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Compensation for loss of employment - taxation of lump sum

Information

There are various circumstances in which people receive compensation for loss of employment. The most common is where you are made redundant and you get a settlement, which may include the statutory redundancy lump sum, and a further sum negotiated by you or your trade union with the employer. If you had a fixed-term contract and it is ended early, you may get a lump sum in compensation. A lump sum that is payable as part of your pension arrangements when you retire is not in the same category.

If you receive a lump sum in compensation for the loss of employment, part of it may be tax free. The statutory redundancy lump sum is always tax free. The lump sum that you receive in compensation for loss of employment could include:

  • The statutory redundancy lump sum, which is non-taxable
  • Payment in lieu of notice. This qualifies for some tax relief, see 'Basic Exemption' below, except in the case where a contract provides for the payment of a lump sum at the end of the contract period.
  • Other compensation negotiated with your employer or ordered by a court or the Employment Appeals Tribunal.

Budget 2014: From 1 January 2014 Top Slicing Relief will no longer be available in respect of all ex-gratia lump sum payments.

The Department of Social Protection website has an online Redundancy Calculator for use in calculating the amount of redundancy payment that is due to an employee.

Tax-free entitlements

On a redundancy or retirement payment, you are entitled to the higher of the following which is then exempt from tax:

Basic Exemption

The basic exemption due is €10,160, plus €765 for each complete year of service. (This does not include statutory redundancy which is tax free.)

Basic Exemption plus Increased Exemption

An additional €10,000 called the Increased Exemption is also available in the following certain circumstances:

  • If you haven't received a tax-free lump sum in the last 10 years and you are not getting a lump sum pension payment now or in the future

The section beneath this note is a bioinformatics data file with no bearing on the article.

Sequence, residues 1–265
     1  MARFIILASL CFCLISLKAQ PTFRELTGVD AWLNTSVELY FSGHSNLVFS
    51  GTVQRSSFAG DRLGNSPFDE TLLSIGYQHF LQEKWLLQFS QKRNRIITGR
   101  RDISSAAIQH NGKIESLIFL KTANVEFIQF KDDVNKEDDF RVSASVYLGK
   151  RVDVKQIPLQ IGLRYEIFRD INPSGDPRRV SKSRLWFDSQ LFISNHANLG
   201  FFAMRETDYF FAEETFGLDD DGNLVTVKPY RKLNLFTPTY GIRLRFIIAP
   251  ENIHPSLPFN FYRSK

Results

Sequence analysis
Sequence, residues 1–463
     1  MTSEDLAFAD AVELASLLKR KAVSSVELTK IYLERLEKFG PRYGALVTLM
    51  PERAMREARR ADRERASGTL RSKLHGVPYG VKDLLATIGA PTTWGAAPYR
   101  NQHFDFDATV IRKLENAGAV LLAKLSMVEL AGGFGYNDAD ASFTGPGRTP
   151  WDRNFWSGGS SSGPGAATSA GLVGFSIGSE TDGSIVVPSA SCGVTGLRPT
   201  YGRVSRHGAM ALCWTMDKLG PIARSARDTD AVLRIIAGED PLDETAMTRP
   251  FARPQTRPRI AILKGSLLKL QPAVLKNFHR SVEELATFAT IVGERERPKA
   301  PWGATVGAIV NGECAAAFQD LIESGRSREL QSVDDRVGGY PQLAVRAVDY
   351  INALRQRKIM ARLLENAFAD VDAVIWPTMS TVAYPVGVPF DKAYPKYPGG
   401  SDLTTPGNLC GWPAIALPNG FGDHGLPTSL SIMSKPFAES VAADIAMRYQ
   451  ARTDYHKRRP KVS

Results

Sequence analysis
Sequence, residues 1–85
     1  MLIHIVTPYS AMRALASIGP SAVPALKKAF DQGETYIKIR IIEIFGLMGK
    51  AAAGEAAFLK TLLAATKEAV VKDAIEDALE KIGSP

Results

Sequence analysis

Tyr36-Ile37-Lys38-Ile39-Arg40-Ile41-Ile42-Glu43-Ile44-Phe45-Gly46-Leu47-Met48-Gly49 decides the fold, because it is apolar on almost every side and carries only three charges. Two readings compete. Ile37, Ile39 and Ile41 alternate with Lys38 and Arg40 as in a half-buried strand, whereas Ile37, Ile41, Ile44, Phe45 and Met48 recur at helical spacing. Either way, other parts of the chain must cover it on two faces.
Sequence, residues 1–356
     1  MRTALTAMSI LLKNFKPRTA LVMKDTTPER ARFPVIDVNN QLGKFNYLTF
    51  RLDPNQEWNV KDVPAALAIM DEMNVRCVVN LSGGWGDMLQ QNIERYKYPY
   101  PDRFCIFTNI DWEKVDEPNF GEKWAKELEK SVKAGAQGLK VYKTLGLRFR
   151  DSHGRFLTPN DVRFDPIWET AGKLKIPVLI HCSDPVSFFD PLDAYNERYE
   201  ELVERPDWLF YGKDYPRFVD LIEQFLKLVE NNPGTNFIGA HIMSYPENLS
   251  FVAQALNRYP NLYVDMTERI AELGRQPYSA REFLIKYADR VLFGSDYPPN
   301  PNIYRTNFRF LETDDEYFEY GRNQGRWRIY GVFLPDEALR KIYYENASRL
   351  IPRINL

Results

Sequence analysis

If you are in an occupational pension scheme, the Increased Exemption is reduced by any tax-free lump sum from the pension scheme you may be entitled to receive.

Standard Capital Superannuation Benefit (SCSB)

This is an additional relief due that normally benefits those with high earnings and long service. It can be used if the following formula gives an amount greater than either basic exemption or Basic Exemption plus Increased Exemption.

Formula for SCSB: Take the average annual earnings over the previous 3 years (or the whole period of service, if less than 3 years), multiply this figure by the number of years service; divide by 15 and subtract the lump sum superannuation payment received or that may be receivable.

Example: You were made redundant in 2012 after 20 years service and received a lump sum of €65,000 which is your first lump sum. You also got a lump sum of €12,000 from your pension scheme. Your pay for the last 3 years before the date of leaving work was €99,000. The amount of the lump sum which is exempt from tax is the higher of the following 2 calculations:

  1. The Basic Exemption is:
    €10,160 + €15,300 ( €765 x 20 years) = €25,460
    There is no Increased Exemption as the pension scheme lump sum of €12,000 is greater than €10,000
  2. The Standard Capital Superannuation Benefit (SCSB) is:
    €99,000 ÷ 3 x 20 ÷ 15 - €12,000 = €32,000